Lorna Hughes has taught at UMF for many years, primarily Writing Seminars, Literary Analysis and Interpretation, and British Texts and Contexts II, and always with special attention to Irish literature.
Michael Johnson teaches courses in American literature, literary theory, multicultural literature, and African American literature. Recent courses include African American Literature and Culture, The Western as Genre, The Splendid Drunken Twenties, and Contemporary Native American Literature and Film. The ENG 100 course he is currently teaching is on the topic of The Walking Dead. He claims to be the English Department’s resident expert on surviving the Zombie Apocalypse. Dr. Johnson’s primary research area is African American Literature. His book Black Masculinity and the Frontier Myth in American Literature was the first extended analysis of the depiction of African Americans in the literature of the frontier. His current book project, Hoo-Doo Cowboys and Bronze Buckaroos, a study of the African American West as represented in literature, film, and television, is forthcoming in 2014 from the University Press of Mississippi.
Erin Kappeler teaches courses in American literature, literary interpretation and analysis, and a first-year writing seminar on popular poetry. She specializes in modernist American poetry and prosody. Her research focuses on the history of American poetics, and she is currently working on a book-length project about the untold history of free verse in America between 1880 and 1920. She has articles forthcoming in Modernism/modernity and the edited volumes Critical Rhythm and the Wiley-Blackwell Companion to Modernist Poetry. When Professor Kappeler isn't in class or in her office, she can be found hiking, biking, or running somewhere nearby.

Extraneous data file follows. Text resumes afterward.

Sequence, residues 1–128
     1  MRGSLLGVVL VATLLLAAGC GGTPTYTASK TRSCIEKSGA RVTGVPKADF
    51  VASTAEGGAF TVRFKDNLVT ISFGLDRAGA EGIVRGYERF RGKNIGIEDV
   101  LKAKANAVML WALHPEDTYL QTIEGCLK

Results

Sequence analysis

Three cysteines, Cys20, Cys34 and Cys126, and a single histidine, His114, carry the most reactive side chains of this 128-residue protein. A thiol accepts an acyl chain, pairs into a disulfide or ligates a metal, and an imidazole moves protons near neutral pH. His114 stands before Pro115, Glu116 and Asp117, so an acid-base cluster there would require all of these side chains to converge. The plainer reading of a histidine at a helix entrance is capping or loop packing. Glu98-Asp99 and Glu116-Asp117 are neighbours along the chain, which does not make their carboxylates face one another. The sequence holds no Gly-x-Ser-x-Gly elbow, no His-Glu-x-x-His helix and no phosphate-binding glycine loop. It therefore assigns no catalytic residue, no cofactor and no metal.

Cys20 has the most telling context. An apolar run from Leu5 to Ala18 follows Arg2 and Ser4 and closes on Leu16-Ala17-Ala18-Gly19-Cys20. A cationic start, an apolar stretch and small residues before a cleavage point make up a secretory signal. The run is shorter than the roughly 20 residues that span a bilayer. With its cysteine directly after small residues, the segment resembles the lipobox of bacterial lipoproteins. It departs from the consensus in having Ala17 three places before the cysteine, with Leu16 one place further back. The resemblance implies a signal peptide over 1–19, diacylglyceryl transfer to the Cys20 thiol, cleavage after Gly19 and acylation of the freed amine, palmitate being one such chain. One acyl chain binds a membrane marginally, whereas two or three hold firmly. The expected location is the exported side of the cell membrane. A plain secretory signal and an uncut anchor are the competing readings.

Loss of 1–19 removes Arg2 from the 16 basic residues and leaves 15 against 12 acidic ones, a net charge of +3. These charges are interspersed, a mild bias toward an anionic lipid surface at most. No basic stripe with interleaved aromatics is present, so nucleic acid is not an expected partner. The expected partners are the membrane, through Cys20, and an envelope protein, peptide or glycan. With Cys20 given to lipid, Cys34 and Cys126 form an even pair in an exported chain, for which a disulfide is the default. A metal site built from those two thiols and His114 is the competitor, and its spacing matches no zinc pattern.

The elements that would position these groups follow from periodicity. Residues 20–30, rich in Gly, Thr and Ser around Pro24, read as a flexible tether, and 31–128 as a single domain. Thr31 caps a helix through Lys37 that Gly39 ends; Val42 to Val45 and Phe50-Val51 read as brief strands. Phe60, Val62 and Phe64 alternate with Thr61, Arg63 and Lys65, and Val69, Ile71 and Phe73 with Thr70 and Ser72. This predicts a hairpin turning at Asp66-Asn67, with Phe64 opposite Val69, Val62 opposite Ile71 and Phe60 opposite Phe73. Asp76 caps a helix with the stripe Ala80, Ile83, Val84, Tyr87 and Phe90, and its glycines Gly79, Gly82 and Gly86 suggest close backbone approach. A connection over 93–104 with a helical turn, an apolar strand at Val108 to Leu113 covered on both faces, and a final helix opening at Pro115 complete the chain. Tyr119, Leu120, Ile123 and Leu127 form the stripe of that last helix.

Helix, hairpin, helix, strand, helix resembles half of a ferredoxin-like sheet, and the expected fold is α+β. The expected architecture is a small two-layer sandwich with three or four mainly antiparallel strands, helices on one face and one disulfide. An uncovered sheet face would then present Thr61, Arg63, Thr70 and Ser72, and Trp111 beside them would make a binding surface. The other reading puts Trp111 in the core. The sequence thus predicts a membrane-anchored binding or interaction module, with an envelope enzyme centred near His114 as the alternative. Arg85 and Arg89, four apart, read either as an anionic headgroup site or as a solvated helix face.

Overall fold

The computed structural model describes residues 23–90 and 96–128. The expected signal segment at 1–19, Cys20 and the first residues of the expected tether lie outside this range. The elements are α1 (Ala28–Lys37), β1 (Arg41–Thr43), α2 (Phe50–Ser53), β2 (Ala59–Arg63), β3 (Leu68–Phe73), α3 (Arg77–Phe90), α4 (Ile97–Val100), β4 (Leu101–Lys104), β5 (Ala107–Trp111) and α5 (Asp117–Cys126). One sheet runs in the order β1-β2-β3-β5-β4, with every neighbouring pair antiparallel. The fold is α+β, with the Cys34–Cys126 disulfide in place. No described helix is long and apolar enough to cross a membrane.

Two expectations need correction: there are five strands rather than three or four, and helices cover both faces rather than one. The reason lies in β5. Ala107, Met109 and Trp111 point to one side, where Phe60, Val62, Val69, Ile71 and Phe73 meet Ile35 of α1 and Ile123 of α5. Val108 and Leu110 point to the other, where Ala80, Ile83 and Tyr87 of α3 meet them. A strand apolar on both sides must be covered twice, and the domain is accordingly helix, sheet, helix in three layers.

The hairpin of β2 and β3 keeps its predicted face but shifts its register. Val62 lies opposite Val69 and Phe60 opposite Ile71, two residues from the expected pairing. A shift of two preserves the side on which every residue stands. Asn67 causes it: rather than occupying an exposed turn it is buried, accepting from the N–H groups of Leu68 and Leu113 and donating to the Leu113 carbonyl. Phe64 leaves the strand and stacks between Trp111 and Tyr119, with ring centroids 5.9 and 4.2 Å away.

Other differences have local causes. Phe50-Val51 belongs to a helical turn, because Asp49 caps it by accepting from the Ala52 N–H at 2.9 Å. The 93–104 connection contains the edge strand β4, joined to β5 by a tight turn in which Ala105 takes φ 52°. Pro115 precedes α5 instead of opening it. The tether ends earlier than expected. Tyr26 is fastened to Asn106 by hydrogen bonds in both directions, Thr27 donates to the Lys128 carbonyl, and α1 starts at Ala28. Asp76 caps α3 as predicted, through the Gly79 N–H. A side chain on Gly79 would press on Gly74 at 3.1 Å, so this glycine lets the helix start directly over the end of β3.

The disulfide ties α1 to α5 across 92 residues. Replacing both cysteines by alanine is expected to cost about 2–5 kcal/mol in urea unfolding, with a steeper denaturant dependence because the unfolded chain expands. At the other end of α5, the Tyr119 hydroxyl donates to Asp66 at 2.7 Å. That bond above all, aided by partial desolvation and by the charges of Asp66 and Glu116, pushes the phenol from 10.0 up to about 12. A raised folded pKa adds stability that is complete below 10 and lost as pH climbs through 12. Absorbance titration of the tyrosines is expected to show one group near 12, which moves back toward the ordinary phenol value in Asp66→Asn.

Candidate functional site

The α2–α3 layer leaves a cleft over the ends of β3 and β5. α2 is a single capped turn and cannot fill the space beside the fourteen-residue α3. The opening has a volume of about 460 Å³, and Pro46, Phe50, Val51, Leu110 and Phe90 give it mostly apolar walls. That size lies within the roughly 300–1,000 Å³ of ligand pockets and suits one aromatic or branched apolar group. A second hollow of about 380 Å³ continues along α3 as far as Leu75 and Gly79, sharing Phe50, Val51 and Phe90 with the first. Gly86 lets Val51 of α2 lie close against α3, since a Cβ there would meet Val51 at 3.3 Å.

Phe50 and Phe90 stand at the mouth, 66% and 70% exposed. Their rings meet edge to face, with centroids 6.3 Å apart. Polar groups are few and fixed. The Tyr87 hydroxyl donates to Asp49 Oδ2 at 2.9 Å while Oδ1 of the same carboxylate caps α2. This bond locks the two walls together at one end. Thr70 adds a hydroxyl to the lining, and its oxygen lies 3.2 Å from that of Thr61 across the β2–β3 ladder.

Ann Kennedy came to the University of Maine-Farmington in 2007 from the University of Houston-Downtown. She holds a joint appointment in Women’s and Gender Studies and in First-Year Composition. She regularly teaches first-year writing seminar and Introduction to Women's and Gender Studies. She also teaches Contemporary Feminist Thought, The Female Body in Western Culture, and Gender and the Cultures of Globalization. She is a member of the Humanities Division and the Women’s and Gender Studies Council and has served on the Interdisciplinary and General Education committee. Her research areas include media and new media studies, feminist theory, race and ethnicity, gender and globalization, and U.S. literature and culture. Dr. Kennedy has recently published an article in the journal New Global Studies. She is working on a book, currently titled Moving Past It: Postfeminist and Postracial Discourse in U.S. Culture.
Dr. Klein came to UMF after completing her doctoral work at Purdue University in 2008. Since then, she has taught multiple classes investigating the evolving relationships between settlers and Native Americans in the colonial era. However, her teaching interests are diverse, ranging from memory, history, and trauma in American literature to graphic novels to American intellectual history. She has published articles in Early American Literature and Early American Studies, and presented her work at multiple conferences and symposia. She is currently working on a book project that addresses the critical gap between transatlanticsm and Native American studies in Colonial America.